...looks back

Jennifer O’Mahoney on narrative psychology and historical institutional abuse.

Narrative psychology allows us to look back at historical abuses by focusing on the important role of personal stories for social change, grounding research in people’s experiences and how...

Rabbi David Ariel Sher on implications for psychologists.
Matthew Adams revisits Pavlov’s labs from a dog’s perspective.

We have all heard of Ivan Pavlov (1849-1936), the legendary Russian physiologist turned psychologist. He’s famous for the discovery of learning through association that...

Jack Chalkley revisits what Monte Shapiro offers clinicians who doubt whether their assessments capture what is personal and vital in their patients’ distress.
We gather links from the archives of The Psychologist and Research Digest, and elsewhere.
Jonathon Rutherford on the atrocity of mental health care in the early 19th century.
We collect links to Claudia Hammond's radio series, and our related coverage.
Sarah Chaney on gender, self-harm and attention-seeking behaviour.
Kellye McBride on how Foucault’s ideas around confinement and civilisation can help to change views of mental illness.
In this 'long read' chapter from her new book 'Queer Ink: A Blotted History Towards Liberation', Katherine Hubbard considers the contributions of Evelyn Hooker and June Hopkins.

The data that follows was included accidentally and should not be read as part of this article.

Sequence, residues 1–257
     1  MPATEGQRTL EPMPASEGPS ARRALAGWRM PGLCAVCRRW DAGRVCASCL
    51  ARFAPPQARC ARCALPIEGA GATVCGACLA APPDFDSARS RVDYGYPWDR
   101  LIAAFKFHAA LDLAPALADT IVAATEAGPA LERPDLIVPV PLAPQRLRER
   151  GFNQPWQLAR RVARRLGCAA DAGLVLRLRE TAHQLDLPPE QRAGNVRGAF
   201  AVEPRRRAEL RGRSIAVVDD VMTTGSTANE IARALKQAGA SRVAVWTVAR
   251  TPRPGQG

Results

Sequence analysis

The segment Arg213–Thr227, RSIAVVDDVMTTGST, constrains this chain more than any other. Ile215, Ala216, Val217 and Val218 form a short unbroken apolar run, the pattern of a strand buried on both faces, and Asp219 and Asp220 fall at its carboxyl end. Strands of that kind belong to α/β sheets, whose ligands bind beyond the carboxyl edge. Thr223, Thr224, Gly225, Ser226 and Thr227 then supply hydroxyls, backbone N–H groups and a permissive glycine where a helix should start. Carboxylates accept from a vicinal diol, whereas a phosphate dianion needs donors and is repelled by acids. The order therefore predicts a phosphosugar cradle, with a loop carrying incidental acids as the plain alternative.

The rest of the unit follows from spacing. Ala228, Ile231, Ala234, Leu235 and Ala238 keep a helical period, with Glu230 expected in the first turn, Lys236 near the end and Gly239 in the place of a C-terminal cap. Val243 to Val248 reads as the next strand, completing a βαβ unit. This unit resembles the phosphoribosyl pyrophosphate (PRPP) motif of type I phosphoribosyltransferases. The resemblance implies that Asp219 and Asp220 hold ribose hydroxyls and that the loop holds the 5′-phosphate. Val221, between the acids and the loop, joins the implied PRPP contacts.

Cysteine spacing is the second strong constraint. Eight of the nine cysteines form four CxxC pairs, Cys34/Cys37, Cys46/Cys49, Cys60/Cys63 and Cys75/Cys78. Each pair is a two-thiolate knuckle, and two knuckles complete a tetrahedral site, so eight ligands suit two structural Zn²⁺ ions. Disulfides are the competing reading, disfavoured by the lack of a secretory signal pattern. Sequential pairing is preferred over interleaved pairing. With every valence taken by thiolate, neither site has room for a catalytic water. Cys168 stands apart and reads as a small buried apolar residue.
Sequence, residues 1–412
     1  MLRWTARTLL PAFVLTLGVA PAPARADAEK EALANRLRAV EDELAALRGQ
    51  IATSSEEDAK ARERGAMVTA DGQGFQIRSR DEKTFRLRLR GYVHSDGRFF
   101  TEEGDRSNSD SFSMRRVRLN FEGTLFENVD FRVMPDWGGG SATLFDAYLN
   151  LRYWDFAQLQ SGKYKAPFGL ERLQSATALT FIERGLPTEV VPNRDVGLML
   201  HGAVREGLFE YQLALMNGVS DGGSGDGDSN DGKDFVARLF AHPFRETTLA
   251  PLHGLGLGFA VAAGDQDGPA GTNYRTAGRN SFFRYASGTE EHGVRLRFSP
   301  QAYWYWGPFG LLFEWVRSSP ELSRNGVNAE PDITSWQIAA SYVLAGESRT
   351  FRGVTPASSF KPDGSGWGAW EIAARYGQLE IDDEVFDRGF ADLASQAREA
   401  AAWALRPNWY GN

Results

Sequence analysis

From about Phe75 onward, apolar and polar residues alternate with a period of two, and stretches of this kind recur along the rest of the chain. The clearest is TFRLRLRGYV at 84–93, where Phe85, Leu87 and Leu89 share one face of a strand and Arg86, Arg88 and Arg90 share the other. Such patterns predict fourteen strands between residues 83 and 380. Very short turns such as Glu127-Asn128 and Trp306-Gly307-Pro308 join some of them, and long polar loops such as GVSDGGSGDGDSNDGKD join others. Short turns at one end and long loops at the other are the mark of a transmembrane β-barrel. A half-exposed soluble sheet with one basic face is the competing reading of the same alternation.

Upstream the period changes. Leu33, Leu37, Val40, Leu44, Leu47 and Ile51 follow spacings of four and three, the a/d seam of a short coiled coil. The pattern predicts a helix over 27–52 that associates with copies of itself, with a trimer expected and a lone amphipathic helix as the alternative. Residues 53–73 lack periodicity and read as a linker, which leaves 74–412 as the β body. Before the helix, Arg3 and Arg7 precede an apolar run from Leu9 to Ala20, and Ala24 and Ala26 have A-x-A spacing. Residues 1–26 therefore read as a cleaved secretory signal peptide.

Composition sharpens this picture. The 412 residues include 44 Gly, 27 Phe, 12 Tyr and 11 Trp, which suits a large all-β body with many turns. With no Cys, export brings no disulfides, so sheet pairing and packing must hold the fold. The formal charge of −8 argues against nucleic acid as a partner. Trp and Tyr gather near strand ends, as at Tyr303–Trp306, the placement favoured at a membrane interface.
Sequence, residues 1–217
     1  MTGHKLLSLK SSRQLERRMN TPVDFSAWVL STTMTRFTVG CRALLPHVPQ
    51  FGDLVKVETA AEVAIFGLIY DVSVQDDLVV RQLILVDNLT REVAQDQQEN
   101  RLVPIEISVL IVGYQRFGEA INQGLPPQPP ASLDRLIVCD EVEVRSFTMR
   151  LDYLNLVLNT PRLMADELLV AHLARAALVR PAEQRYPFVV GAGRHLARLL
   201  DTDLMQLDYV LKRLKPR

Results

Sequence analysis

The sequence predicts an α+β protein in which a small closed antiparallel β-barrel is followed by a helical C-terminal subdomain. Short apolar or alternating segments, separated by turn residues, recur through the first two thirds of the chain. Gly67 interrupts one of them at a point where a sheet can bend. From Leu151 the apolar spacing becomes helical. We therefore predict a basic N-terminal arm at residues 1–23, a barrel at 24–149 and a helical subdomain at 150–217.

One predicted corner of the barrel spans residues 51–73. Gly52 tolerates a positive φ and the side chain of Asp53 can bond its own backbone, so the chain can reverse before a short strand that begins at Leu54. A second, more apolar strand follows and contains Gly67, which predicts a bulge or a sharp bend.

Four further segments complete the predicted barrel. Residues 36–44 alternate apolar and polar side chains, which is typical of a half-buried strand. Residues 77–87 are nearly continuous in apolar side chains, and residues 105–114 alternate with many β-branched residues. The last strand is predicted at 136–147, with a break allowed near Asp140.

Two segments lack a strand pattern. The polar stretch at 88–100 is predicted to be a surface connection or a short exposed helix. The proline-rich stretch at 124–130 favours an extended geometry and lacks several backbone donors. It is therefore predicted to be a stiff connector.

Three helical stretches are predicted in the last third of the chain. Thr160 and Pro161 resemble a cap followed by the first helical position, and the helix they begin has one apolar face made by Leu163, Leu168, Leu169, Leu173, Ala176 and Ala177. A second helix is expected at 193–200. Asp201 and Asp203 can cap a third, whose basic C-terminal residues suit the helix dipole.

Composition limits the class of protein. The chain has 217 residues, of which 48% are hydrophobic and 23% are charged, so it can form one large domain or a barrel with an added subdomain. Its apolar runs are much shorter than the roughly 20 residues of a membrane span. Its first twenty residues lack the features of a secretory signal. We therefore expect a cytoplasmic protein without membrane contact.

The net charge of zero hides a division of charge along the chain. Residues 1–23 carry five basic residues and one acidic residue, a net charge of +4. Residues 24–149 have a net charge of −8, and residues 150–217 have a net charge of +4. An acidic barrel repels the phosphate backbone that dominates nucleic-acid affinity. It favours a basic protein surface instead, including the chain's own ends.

We extract from 'A Father: Puzzle', a memoir by Sibylle Lacan, the second daughter of noted French psychoanalyst Jacques Lacan.
Rabbi David Ariel Sher on the life of Professor Reuven Feuerstein.
How did child psychologists contribute to the Cold War discourse of ‘National Security’? Carolyn Laubender discusses the relationship between attachment theory and political anxieties about the protections offered by the nation state.
David Lewis-Hodgson on how both sides in World War I sought to explain and ‘treat’ its trauma.
Roberta Reb Allen with a family tale involving the infamous neurologist Walter Freeman.
Graham M. Davies and Alan Costall on a forgotten precursor of today’s applied psychology.

Ian Katz, then editor of the BBC’s Newsnight, was chastened by his failure to predict either the outcome of the 2017 British General Election or the emergence of Donald Trump as the...

Elizabeth Valentine on Lucy G. Fildes.
Joe MacDonagh on the Hawthorne Studies – the origins of modern organisational research.

According to Roethlisberger & Dickson (1939), ‘Management should commit itself to the continuous process of studying human situations – both individual and group – and should run its human...

Chris Timms considers American Psychologist Clark Hull, and his ‘fractional antedating goal response’.
David Bramwell on the strange world of Wilhelm Reich.
Yoga meets psychedelics in the 1960s, with Lucas Richert and Matthew Decloedt.
What, if anything, has psychology learned from the study of famous brains? G. Neil Martin investigates…

Psychology has its own famous brains – Leborgne, Kim Peek, Henry Molaison, Phineas Gage, EVR, NA, Shereshevsky, HJA. Extensively studied before and after death, they have sometimes provided a...

Cade Anderson-Smith looks back on the DSM, Homosexuality and the 1972 American Psychiatric Association Convention.
Andrew Wickens (University of Central Lancashire) marks a centenary for Brenda Milner.

On 15 July Brenda Milner reaches a remarkable milestone in anyone’s life: her hundredth birthday. Even more extraordinary for a woman who is still teaching and undertaking research. She is the...

Riya Yadav with a critical take on one of the psychoanalyst’s most controversial theories.